Did you know that it was National Backwards Day yesterday?!

Did you get to celebrate?? :D

I have never heard of this day, and had no idea that January 31st was National Backwards Day, until the Calm meditation app informed me. I love this idea, and I think everyday should be NB Day! Why?! Because! We get so stuck in our habits/patterns. Same shit, different day, right? Same maladaptive coping skills, different day. Same toxic patterns, different day. Lol!

And so. Why not wake up everyday and have the mindset of: hey! It's a different day. I can start fresh. I can do things differently. I can start a new habit. I can start a new pattern that actually serves me instead of holds me back. I can get out of bed as soon as I wake up and brush my teeth, and do 20 minutes of exercise. When I have the urge to go on social media, I'll call my favorite person in the world and tell them that I love them and appreciate them instead. When I see myself focusing more on the things I don't enjoy about my life, I'll start practicing gratitude instead.

It's a new day and a new month! What new habits are you wanting to engage in?

Loneliness is interesting. We can be surrounded by many folks, and yet we still report feeling lonely. We can find others through social media or on dating sites; we may even be able to knock on a neighbor's door and say hello and ask if they would be willing to have tea with us. With all these resources available to us, we still feel so deeply and painfully alone.

I think it's particularly heart-wrenching when loneliness seems to be a theme in our lives--when it follows us around like a lost puppy that we have no energy or capacity to take care of. We felt lonely, and like an outsider, in our families. We feel lonely and misunderstood in our friend groups and/or with colleagues. We may even feel lonely while with our romantic partners. There's a general sense of disconnection in our lives. It can seem that we're performing, and no one really knows us or sees us. We may not even feel like we know ourselves.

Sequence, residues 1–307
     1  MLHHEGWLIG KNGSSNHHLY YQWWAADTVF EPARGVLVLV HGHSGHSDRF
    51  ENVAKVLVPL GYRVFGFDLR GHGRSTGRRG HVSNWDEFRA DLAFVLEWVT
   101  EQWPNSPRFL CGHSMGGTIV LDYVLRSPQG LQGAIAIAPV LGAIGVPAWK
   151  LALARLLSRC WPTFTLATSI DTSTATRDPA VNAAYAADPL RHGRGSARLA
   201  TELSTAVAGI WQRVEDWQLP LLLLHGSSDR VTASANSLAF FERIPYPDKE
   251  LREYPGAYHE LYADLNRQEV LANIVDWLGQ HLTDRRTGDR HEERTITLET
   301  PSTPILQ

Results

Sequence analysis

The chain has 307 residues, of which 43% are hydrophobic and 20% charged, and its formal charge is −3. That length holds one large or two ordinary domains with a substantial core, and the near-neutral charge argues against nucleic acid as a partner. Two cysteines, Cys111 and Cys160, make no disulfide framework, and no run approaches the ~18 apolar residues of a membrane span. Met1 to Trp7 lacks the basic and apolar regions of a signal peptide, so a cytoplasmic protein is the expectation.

To me, the answer is simple. It's love. It's being a part of loving communities. Somewhere. Anywhere. It's loving and accepting ourselves, and loving and accepting others. We live in a country, though, where finding connection can be incredibly difficult. How many of us walk around in NYC, for example, and look at others? Do we notice each other? Do we smile at each other? Do we think: "Hey, I know that life is hard, but I hope you're having a good day." When we see someone in pain or in need, do we stop and ask: "can I help in any way?"

I wish we lived in such a world, where we see each other and are kind to each other. But, to no fault of our own, we come from trauma. We experience pain, heartbreak, grief. The more trauma and sorrow we experience, the more we might close ourselves up, build up walls, hide ourselves, and hope no one looks at us so we don't keep getting hurt. We may also stay away from others because we believe that if we get close and vulnerable with them, we might be the ones who do the hurting.

I think it can be difficult to notice our flaws and our mistakes and forgive ourselves. And, start to trust that we're working on learning from our mistakes; trust that we can change. Trust that we can become better, more connected and embodied humans. And that, no matter how many mistakes we've made or how imperfect we are, we still are worthy of love. It can also be difficult to forgive others, and think "they hurt me, but I get it. They're also traumatized humans." When we're interacting with another human and we notice the irritation/frustration/annoyances bubbling up inside of us, it's hard -- to take a breath, notice these uncomfortable emotions, empathize with ourselves and them, and practice acceptance around their imperfect selves.